Jordan Spieth really isn’t considered the favorite. OK, he’s No. 2. He is No. 1 in his mind because, as he said last week before missing the cut at the Houston Open, he knows he can “strike fear” in the hearts of his rivals at Augusta. He can.
Some things haven’t changed, of course.
No substantive course alterations have been made since last April, even though the club has purchased land where the new press building sits and might well lengthen the fourth and fifth holes. That way, the bombers will have an even greater advantage; the wide fairways and lack of rough already enable them.
Tiger Woods, missing for the third time in four years, still isn’t healthy enough to play, although he was at the clubhouse for the cottage pies and prime rib that last year’s champion, Englishman Danny Willett, served at the Champions Dinner on Tuesday night.
Jack Nicklaus is still the smartest man in the room.
So who, exactly, is the favorite, and for whom should America root?
The favorite — assuming he recovers from Wednesday’s tumble on a staircase — has to be the robotic Johnson, who won his third consecutive start when he captured the WGC-Dell Technologies Match Play tournament in Austin and has his mind as straight as his drives. Now that he’s added a fade to his arsenal, he’s the prohibitive favorite.
But there are several other candidates to pull for.
Spieth is obvious. He’s never finished lower than a tie for second in his three starts here, and he handled his 2016 meltdown with class and grace. Never mind that he hasn’t reached weekend play in his last two tournaments in Houston and Austin. He’s still got massive game and even bigger confidence.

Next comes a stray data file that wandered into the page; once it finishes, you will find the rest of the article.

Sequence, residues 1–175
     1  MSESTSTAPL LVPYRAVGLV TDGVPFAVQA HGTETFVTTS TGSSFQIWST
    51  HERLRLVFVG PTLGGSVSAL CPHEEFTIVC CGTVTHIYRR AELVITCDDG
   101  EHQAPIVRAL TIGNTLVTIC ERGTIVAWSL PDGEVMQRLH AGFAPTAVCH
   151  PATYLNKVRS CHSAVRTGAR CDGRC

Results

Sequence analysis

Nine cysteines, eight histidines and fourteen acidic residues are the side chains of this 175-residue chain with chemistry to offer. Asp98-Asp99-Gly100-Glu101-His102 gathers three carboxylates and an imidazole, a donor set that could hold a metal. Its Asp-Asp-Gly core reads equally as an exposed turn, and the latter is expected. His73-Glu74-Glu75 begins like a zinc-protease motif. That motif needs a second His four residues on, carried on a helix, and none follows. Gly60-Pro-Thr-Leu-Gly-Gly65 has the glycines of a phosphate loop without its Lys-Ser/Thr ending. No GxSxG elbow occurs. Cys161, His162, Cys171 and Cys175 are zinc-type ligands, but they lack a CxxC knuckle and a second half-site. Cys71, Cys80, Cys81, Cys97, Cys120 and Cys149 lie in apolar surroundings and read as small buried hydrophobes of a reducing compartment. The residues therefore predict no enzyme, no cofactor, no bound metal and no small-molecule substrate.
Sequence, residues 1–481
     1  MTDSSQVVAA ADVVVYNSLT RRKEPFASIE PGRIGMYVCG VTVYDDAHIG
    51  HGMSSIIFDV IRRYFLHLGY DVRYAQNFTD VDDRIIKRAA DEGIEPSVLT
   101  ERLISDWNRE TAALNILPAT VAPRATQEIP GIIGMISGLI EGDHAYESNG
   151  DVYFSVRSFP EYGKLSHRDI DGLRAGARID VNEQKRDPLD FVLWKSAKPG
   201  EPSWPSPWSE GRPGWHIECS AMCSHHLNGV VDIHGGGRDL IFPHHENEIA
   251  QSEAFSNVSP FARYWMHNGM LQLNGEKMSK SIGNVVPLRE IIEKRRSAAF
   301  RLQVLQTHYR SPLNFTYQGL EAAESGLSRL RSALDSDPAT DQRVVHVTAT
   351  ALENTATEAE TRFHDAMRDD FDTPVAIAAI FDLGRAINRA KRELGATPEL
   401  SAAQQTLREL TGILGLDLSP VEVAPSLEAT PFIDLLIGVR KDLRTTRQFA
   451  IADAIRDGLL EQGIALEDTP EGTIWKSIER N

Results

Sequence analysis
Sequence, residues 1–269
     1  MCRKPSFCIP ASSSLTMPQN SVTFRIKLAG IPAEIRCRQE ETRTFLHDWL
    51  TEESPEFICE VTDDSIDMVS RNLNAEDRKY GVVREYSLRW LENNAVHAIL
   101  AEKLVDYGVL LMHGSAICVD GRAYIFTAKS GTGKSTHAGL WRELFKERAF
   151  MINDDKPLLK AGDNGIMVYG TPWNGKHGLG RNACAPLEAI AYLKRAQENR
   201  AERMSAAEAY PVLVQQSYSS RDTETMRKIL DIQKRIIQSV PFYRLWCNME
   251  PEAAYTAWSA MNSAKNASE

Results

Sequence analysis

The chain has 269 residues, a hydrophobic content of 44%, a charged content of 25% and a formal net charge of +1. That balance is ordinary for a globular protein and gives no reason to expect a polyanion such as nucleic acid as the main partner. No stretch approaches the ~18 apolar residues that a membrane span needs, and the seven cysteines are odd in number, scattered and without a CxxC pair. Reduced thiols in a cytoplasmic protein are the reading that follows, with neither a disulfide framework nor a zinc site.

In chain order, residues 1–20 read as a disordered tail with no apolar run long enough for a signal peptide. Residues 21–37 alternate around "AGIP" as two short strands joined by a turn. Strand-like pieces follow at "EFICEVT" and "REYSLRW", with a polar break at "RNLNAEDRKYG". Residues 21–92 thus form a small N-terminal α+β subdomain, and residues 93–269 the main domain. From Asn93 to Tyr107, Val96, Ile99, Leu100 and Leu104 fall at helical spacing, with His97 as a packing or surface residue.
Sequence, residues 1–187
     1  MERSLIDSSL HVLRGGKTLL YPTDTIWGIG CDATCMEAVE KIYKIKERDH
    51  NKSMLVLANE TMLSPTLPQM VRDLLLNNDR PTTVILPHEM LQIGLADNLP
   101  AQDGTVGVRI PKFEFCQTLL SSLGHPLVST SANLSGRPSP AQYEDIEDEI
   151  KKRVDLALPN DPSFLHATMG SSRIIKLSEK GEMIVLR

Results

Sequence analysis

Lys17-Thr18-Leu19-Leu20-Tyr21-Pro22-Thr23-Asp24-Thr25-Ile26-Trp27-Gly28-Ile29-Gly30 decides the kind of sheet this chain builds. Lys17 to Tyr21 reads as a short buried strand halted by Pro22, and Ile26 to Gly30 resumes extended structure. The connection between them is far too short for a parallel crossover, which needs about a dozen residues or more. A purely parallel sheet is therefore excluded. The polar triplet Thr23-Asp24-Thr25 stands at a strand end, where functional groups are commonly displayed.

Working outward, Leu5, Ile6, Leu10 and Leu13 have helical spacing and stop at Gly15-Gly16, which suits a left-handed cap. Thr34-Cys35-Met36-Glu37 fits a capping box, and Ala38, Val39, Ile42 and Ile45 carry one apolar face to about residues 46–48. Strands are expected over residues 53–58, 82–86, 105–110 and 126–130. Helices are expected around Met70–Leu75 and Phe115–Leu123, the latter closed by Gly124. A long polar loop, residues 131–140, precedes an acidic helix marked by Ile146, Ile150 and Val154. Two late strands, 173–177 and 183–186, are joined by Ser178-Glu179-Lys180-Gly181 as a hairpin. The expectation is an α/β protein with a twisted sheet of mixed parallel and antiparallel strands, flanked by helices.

All Longhorns should pull for him as well as Jhonattan Vegas, who has a pair of PGA Tour wins and comes here for a second time after missing the cut in 2011. Lump Sergio Garcia in there as well, since he’s an adopted Longhorn with his engagement to former Texas quarterback Marty Akins’ daughter, Angela.
Mickelson is another. He knows this course like the back of his hand, which usually slaps those who violate the integrity of the game, and he showed in his battles with Henrik Stinson at last year’s British Open and with Garcia in the Ryder Cup that he’s still sharp enough to aim for a fourth green jacket, even at 46 years old.
All AARP members will be behind Phil.
Jon Rahm, the powerful 22-year-old Spaniard who pushed Johnson in the Dell final, is part of the new wave of the next great golfers and my dark horse to win. He joins Justin Thomas, Spieth’s 23-year-old buddy, and 2013 U.S. Amateur champion and third-time Masters qualifier Matt Fitzpatrick, who’s only 22 but looks 8. Asked if he’s got Augusta figured out, Fitzpatrick was mature enough to answer, “I don’t think so.” Got to love that kind of honesty.
All millennials are likely to root for them.
Jason Day has to be a sentimental favorite. The 2016 Dell winner had to withdraw during the first round of this year’s Dell Match Play to be with his mother, who underwent cancer surgery in which a quarter of her left lung was removed. He teared up at Austin Country Club and was just as emotional in discussing her recovery Tuesday.
Anyone with a heart has to hope he wins.
Bubba Watson, always a gallery favorite, has won the Masters twice and might introduce green golf balls here.
Austinites who can appreciate weird might be rooting for him.
Gary Woodland, a 32-year-old Kansas Jayhawk, lost one of the twins that his wife, Gabby, was carrying, tragic news that occurred when he was competing in the Dell field.
The golf gods have to be backing him.
Then there’s Rory McIlroy, the candid and colorful 27-year-old from Northern Ireland. He stewed at Americans’ rowdy reception at last fall’s Ryder Cup. He defended his round of golf with a certain tweeting, polarizing president. He blasted Muirfield for not inviting female members until now. And he needs a green jacket to become the sixth player to complete the Grand Slam.
I’m not real sure who’s pulling for him. Probably Trump and Muirfield and Americans are not. A respectful Spieth said of McIlroy, “Can I say he’s a bad ass here?”
He can, and he did. And I’ll say he’s bad enough to win it all this week.